A sex ed fantasy
Instruction founded on abstinence doesn’t work
While I was busy grading final exams back in December, President Obama signed the 2010 Omnibus Appropriations Bill. Nearly lost within the machinery of health care legislation, one small cog in this bill actually does something to improve the health of young Americans: It pulls funding from the Community-Based Abstinence Education (CBAE) program and the abstinence-only program associated with the Adolescent Family Life Act. With a stroke of his pen, the president ended the billion-dollar farce of tax payer-funded abstinence based sex education.
Closer to home, back in November, the Wisconsin Assembly passed The Healthy Youth Act, which restores common sense to educating students about their own biology by using a curriculum proven “to reduce risky behaviors that result in unintended teenage pregnancy and STDs.” The Senate version is awaiting action.
Not everyone is happy about the prospect of better informed teenagers. Three community members from the West Bend School District Human Growth and Development Committee objected that these laws are headed in the wrong direction – specifically, away from abstinence-based programming. Their objection, however, depended on a sense of misplaced religious and moral outrage. Neither scientific evidence nor calm moral reflection supports their point of view.
First, the evidence.
Congress authorized a study by Mathematica Policy Research, Inc. as part of its evaluation of abstinence-based educational programs. The study, released in April 2007, found compelling evidence that abstinence-only-until-marriage programs just don’t work. Young people who participated in abstinence-only programs were just as likely to have sex before marriage as their peers who didn’t participate. They also have their first sexual experiences at about the same age and eventually have about the same number of sexual partners. And in programs that use a “virginity pledge,” students had sex before marriage at the same rates as non-pledging students but were actually less likely to use contraception or get tested for STDs when they became sexually active.
An example of the alarming decline in education about proper birth control – and so, about safely avoiding sexually transmitted diseases – is that by 2002 one-third of American adolescents had not received any instruction on contraception: one third. This is no different from insisting that one third of all sixteen-year-olds just getting their driver’s licenses be kept out of driver education courses. We’re seeing exactly this kind of wreckage among teenagers today – not just in terms of STDs and unwanted pregnancies, but in the number of abortions that wouldn’t have happened had these young drivers, so to speak, been taught to fasten their seat belts and stop when the light is red.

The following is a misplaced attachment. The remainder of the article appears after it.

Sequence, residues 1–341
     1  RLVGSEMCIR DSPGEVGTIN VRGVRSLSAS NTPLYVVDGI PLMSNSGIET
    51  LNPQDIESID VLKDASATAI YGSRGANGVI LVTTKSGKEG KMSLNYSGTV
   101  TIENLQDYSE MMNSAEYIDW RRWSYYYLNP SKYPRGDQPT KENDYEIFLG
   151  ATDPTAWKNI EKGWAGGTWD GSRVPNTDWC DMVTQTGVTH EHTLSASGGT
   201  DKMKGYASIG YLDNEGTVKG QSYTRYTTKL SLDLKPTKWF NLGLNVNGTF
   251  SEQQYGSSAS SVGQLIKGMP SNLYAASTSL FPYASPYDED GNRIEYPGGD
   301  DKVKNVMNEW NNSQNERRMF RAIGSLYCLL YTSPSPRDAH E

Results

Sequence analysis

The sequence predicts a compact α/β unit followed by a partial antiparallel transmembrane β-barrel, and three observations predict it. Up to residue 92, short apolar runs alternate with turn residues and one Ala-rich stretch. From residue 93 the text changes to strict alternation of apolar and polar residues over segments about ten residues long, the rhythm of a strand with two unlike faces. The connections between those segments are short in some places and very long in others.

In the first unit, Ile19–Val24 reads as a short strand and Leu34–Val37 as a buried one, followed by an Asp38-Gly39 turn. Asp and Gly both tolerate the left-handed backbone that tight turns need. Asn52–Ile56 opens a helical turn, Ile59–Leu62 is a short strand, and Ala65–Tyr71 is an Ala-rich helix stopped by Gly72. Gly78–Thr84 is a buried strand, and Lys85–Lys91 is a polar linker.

Even worse, a 2004 congressional report found that federally funded abstinence-based curricula often “misrepresent the effectiveness of condoms in preventing sexually transmitted diseases and pregnancy” by exaggerating their failure rates. This is like telling kids not to bother with seat belts, since they don’t work that well anyway.
Frankly, that’s criminally negligent.
Second, some moral reflection.
If people want to object to a fact-based sex education program on moral grounds, rather than scientific ones, here’s something to consider: Ignorance does not produce moral character. Ignorance does not improve a person’s sense of moral responsibility or promote good judgment. In fact, ignorance produces exactly the opposite: ignorance produces bad judgment, bad judgment leads to irresponsible action, and irresponsible action, over time, erodes moral character. This much, at least, the history of our civilization tells us.
Sexual education programs that ask 15-year-olds to put on blindfolds by “just saying no” to their own biology, contribute to moral weakness in young people, not strength. The self-discipline of moral strength does not derive from blind obedience but from the harder work of understanding oneself. Contrary to Orwell’s deadly slogan, knowledge is strength, not ignorance.
A prudent and temperate life, to use some old fashioned language, requires the kind of education that inoculates young people against the dangers of ignorance. We need to encourage the effort young people make to understand themselves, not reward the kind of ignorance that leads to increased pregnancy rates.
Fortunately even though the consequences of ignorance are contagious, a real, science-based education is the best inoculation against the kind of moral laziness ignorance encourages.
By some estimates, U.S. taxpayers have spent more than $1.3 billion since 1996 on programs that didn’t work. The federal report demonstrating the initiative’s failure came out in 2007 – two years ago.
It is possible our local Human Growth and Development Committee is unfamiliar with these two year-old results and may wish, based on the evidence rather than their personal convictions, to reconsider the best interests of West Bend students.
Postscript: by a weird [I-can't-imagine-that-it's-really-a] coincidence, the paper ran a guest column next to mine, written by some of the same members of the Human Growth and Development Committee I mentioned in the column. They complain, once again, that the state legislation promoting real sex ed "sends kids the wrong message". You can read their observations here.
Frankly, their ignorance of good science and sound educational practice is not nearly as startling as the inherent racism of their argument.